Howard Berry is the man behind ‘Flags for Forgotten Soldiers, a traveling memorial consisting of 660 flags – commemorating the 660 veterans who claim their own lives every month – and a banner to entitle the memorial’s purpose.
“My son’s death propelled me into this,” Berry recently told American Military News.
Berry’s son, Staff Sgt. Joshua Berry, was a 1st Infantry soldier who served in Afghanistan and later survived the 2009 Fort Hood shooting. Josh Berry, like many other veterans, received inadequate VA care and stigma toward his severe PTSD. He took his own life in 2013.
“I’ve been placing flags on vet graves for years. I never thought I’d be doing it with my son,” Howard Berry said.
Since losing his son, Howard Berry has met many families of fallen soldiers and listened to their stories. He believes it’s important that no fallen soldier is forgotten.
“I go every week to do ground maintenance and make sure the sun doesn’t set without a flag being placed on every grave,” he said.
By chance, a gentleman at a cemetery gave Howard Berry two carloads of flags. He ended up with 3,000 flags and no idea what he would do with them, but was sure he would figure it out.
Howard Berry tracked down the owner of a hilltop property overlooking downtown Cincinnati, Ohio. The owner, a World War II veteran, gave Berry permission to place a flag display on the property in March 2017. That display marked the first in his efforts with Flags for Forgotten Soldiers.
Now, the traveling memorial has reached 25 states, but Howard Berry won’t stop until a memorial is placed in all 50 states. He does it “to raise public awareness, because you don’t hear anything. You don’t hear anything from anybody in Congress.”
Families of fallen soldiers reach out to Howard Berry to host the displays.
“They’ve lost loved ones,” he said. The families work alongside Berry to place each of the 660 flags.
Howard Berry raises funds through GoFundMe to support the $750 cost of flags and banners for each new display. A display is placed in a location for one month before it is bundled up and transported to the next site.
Flags for Forgotten Soldiers is just one of Howard Berry’s efforts to confront and seek change in the veteran suicide crisis.
He has visited Washington, D.C., twice to speak with lawmakers about his son’s experience and the overall lack of care in the VA. He regularly attends VA town hall meetings, writes members of Congress, and speaks to whoever will listen.
He feels he owes it to his son and all the other forgotten soldiers. “I can’t understand how America is okay with this,” Howard Berry said.
The U.S. Department of Veterans Affairs just released 2015 veteran suicide data on Monday.
Its own report found “an average of 20.6 active-duty Service members, non-activated Guardsmen or Reservists, and other Veterans died by suicide each day” in 2015.
However, the VA’s previous report of 2011 data showed that number was 22 veterans per day.
The sudden decline raises questions, as suicide rates have steadily increased in both veteran and non-veteran populations.
“The numbers are being unreported,” Howard Berry said of the veteran suicide statistics.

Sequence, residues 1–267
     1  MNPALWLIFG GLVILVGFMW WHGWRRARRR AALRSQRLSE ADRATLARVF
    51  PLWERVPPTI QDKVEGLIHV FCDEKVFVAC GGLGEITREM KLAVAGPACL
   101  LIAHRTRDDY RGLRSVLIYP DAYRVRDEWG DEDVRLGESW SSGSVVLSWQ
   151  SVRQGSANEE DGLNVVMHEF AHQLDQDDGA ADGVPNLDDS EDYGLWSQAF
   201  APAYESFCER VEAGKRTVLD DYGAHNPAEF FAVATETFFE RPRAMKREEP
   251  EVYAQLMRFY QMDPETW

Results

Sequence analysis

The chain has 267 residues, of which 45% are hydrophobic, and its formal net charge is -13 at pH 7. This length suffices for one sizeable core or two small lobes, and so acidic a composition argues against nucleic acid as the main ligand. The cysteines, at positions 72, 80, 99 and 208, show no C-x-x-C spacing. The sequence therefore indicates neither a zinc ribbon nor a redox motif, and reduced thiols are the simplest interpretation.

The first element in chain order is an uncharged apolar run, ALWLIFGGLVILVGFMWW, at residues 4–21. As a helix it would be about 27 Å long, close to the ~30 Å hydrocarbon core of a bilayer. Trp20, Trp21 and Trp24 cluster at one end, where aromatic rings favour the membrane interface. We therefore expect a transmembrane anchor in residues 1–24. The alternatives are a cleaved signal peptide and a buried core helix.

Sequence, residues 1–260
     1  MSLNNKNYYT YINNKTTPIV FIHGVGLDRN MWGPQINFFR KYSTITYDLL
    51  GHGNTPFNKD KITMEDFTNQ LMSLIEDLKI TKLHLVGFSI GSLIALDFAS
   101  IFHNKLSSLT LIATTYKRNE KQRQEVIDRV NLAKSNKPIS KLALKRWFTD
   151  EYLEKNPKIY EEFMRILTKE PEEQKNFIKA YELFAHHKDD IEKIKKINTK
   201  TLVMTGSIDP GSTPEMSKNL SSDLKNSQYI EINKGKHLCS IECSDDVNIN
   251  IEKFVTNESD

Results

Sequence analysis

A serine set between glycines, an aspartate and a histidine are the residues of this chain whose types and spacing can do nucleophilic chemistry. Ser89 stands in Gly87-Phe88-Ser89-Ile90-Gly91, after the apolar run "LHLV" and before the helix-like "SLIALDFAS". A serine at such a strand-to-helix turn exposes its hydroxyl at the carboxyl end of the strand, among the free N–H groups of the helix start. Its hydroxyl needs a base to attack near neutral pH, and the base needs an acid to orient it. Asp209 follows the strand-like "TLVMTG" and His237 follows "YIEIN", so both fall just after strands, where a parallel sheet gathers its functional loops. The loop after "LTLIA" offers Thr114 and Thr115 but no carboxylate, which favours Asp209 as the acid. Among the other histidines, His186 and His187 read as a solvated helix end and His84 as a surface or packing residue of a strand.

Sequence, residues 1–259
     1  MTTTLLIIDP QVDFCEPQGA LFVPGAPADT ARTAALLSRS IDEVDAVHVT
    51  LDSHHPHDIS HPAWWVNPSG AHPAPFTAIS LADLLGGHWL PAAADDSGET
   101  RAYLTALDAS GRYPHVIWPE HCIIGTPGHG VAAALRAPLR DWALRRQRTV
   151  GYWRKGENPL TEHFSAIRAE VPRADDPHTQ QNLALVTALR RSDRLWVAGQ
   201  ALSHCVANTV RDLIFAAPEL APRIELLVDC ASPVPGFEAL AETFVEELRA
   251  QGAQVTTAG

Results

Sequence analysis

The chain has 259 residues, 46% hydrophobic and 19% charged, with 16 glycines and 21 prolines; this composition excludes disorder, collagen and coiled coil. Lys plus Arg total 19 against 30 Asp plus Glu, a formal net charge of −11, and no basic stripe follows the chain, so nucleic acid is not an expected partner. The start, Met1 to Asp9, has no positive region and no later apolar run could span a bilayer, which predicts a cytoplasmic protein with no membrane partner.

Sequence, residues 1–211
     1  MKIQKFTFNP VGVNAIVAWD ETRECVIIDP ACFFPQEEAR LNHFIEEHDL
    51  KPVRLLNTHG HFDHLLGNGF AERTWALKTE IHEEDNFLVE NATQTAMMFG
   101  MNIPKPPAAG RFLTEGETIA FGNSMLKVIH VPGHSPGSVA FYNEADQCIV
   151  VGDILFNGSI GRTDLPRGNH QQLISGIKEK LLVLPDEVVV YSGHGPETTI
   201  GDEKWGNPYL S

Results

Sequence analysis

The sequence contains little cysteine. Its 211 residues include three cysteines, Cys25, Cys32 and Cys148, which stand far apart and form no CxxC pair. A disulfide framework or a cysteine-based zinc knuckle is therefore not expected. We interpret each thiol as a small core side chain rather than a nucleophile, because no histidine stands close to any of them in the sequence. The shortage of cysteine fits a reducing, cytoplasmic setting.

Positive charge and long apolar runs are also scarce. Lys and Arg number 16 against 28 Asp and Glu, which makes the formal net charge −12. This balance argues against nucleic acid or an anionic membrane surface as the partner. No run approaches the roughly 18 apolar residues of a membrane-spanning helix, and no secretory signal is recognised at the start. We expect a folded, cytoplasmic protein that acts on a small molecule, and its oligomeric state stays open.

Howard Berry isn’t the first to raise these concerns. Many families of forgotten soldiers say their loved ones weren’t included in the suicide data.
Luana Ritch, a veterans and military families coordinator in Nevada, told CNN that there is no standard system or procedure for reporting veteran deaths in the U.S.
The coroner or funeral director determines whether or not to include veteran status on the death report and certificate, and it’s not verified by the VA.
“Birth and death certificates are only as good as the information that is entered,” Ritch said. “There is underreporting. How much, I don’t know.”
Levi Derby, who died by suicide in 2007, was one forgotten soldier who was not in the VA system. Illinois didn’t send veteran suicide data to the VA.
Joshua Berry’s death by suicide in 2013 was also not included in the Ohio VA’s veteran suicide data.
Further, the stigma associated with mental illness pressures families against divulging a suicide, who may then pressure state coroners to list a different cause of death. Veterans who take their own life by intentional car crashes or drug overdoses also may not be reported as suicides if a note isn’t left behind.
The VA doesn’t receive reports for these cases to include in their veteran suicide data.
The VA’s latest suicide data report repeatedly highlights the differences in suicide rates between veterans treated at the VA and veterans who are untreated. They maintain that the rates are lower for treated veterans.
However, the VA’s lack of mental health services has been a longstanding issue.
Numerous reports have zeroed in on the VA’s insufficient resources and capacity, which actually increases the veteran suicide rate, according to one 2017 mental health study.
Many treated at the VA are prescribed hoards of medications and are told to “deal with” their mental traumas.
Howard Berry longs to see a change in the VA that failed his son and so many others, but the fight is tiring.
He has focused his recent efforts on Flags for Forgotten Soldiers to spread awareness. He hopes people will do their own research on the issue and raise their voices to make a change.
“I don’t have to do it, but I try. It’s an honor,” Howard Berry said.
He plans to release a book with photos of the flag displays accompanied by stories of forgotten soldiers. He hopes to raise enough funds to keep the Flags for Forgotten Soldiers tribute running, and donate to causes like DV Farm in New Hampshire, which helps veterans with addictions and homelessness.
DV Farm is also currently hosting a Flags for Forgotten Soldiers memorial.
“People tell me to keep going, and I’ll try to,” Howard Berry added.